Nelson Mandela was one of the greatest statesmen in the world. He led the struggle against the apartheid regime in South Africa believing in freedom and democracy.
He was born in 1918 in the Eastern Cape of South Africa. In 1939 he entered Fort Hare University College, an educational institution for black people where he took up his law studies.
In 1944 Mandela joined the left-wing of the African National Congress political party and he started campaigning against apartheid, fighting for the rights which were denied to Black South Africans. For his political activity, in 1952, he was the first black man who was banned from public life, even if he had already become a lawyer.
In 1962 he went to Britain secretly and, when he was back, he was put in prison. Two years later he was condemned to five years of hard labour because he was considered guilty of violence and sabotage. He was transferred to the Robben Island Prison. In 1980 an international campaign was started in order to release him. This great man soon became the icon of the struggle against racism all over the world. 11th February 1990 was a fundamental date in Mandela’s life, since he was released after 27 long years of imprisonment and, consequently, three years later he was awarded the Nobel prize for Peace.
In 1994, for the first time in South Africa’s history, democratic elections were held and people of all races were allowed to vote. Nelson Mandela became South Africa’s new President. Even if five years later he retired from public life, he continued to support projects in defence of the quality of the lives of children and young people.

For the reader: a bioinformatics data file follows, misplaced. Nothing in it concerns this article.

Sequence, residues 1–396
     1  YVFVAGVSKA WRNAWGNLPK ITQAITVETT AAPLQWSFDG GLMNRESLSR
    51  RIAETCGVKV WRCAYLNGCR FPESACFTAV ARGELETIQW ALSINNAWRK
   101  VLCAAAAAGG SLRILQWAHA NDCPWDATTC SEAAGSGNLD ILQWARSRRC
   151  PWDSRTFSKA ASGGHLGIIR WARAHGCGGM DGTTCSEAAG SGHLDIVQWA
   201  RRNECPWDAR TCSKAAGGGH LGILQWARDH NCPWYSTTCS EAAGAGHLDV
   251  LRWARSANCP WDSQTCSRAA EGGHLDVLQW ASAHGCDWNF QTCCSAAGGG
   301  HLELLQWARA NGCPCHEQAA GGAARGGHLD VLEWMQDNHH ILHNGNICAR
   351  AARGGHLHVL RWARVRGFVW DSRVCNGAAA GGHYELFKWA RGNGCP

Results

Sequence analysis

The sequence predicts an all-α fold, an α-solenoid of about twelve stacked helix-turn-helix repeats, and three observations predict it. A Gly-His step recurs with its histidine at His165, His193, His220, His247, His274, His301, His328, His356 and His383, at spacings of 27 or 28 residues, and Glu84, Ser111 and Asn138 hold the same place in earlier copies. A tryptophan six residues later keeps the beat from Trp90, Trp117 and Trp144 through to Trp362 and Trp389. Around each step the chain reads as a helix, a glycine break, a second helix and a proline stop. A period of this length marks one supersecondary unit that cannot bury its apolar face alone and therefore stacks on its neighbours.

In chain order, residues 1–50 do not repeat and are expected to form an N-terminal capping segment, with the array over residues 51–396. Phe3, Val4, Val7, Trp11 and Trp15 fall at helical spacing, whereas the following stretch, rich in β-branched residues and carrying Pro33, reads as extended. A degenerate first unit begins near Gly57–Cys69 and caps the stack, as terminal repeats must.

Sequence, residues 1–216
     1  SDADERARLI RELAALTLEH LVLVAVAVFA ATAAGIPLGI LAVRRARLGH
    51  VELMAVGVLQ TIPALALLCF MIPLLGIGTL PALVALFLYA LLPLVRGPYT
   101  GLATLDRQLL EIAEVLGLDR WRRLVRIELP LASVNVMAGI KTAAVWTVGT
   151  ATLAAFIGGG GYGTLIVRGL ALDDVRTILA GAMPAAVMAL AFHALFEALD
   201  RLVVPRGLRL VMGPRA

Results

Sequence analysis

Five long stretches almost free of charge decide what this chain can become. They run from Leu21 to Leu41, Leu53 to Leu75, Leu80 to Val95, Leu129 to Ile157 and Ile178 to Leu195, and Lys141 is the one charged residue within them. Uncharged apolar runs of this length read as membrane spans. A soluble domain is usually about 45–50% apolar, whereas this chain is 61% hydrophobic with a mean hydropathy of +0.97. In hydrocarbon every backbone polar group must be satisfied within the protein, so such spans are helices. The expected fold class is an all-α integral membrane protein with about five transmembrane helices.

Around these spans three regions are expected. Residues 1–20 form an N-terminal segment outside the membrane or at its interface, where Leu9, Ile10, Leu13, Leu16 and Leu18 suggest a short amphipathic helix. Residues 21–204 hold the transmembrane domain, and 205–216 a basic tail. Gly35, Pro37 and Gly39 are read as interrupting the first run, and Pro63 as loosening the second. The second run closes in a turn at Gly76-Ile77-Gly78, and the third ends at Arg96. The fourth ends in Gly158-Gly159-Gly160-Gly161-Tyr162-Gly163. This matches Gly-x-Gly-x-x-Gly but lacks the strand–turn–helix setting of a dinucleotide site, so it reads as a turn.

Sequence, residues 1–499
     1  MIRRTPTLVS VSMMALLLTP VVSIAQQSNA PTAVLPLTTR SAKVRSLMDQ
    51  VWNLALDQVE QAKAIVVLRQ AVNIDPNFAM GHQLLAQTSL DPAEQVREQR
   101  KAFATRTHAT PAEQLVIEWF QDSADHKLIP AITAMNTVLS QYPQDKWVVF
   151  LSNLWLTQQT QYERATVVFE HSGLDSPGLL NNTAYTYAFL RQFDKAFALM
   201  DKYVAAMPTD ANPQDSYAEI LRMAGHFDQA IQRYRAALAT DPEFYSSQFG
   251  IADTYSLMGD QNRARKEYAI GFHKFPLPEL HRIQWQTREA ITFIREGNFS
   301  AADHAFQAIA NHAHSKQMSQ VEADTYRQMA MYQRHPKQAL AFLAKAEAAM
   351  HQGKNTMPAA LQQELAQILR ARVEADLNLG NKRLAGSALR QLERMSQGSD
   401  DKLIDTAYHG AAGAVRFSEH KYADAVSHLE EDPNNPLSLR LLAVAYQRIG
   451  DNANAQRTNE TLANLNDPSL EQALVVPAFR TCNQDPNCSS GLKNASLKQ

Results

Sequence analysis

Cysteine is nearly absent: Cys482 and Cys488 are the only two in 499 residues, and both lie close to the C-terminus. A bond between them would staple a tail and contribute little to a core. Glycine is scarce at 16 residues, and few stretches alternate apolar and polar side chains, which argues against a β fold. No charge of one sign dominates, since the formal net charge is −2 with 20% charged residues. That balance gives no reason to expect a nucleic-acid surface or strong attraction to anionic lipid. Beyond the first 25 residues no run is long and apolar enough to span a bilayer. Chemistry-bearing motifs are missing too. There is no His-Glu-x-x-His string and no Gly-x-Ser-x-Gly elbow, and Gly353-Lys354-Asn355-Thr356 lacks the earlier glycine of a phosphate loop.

Mandela devoted his entire life to the struggle against apartheid, a system of legal racial segregation where the white minority of the population controlled the Country. He knew that black people were the victims of long-lasting violent crimes, they couldn’t live on a freeway, they were not allowed the liberty of thought and they could not fulfil their expectations. Mandela gave a voice to the poor and powerless black people who had no rights. He became a symbol, an icon, a chance of a better future. For these reasons, it was not difficult for Mandela to convince people to choose him as their President in 1994. Everybody in South Africa knew him and trusted him because he had made a lot of efforts and sacrifices in order to achieve the great goal of his life: he desired to free South Africa from racism and apartheid. He had spent twenty years in an infamous prison where his living conditions were terrible: he couldn’t receive visits for one year and he had to work very hard. Having suffered a lot because of his ideals, Mandela represented all the black people who wanted to change the world and get rid of a terrible past of disappointments and suffering.
In a famous speech during a political rally, he expressed his great dream with the following words:
“I have cherished the ideal of a democratic and free society, in which all people live together in harmony and with equal opportunities. It is an ideal that I hope to live for and to achieve. But if needs be, it is an ideal for which I am prepared to die.”
These words couldn’t help having a strong appeal to people who were used to suffering from segregation. Oppressed people saw in Mandela the man who could guarantee the hope of a better future, growth and progress. His election rallies were always successful, people were happy to listen to him and they had no doubt: Mandela had to become their President.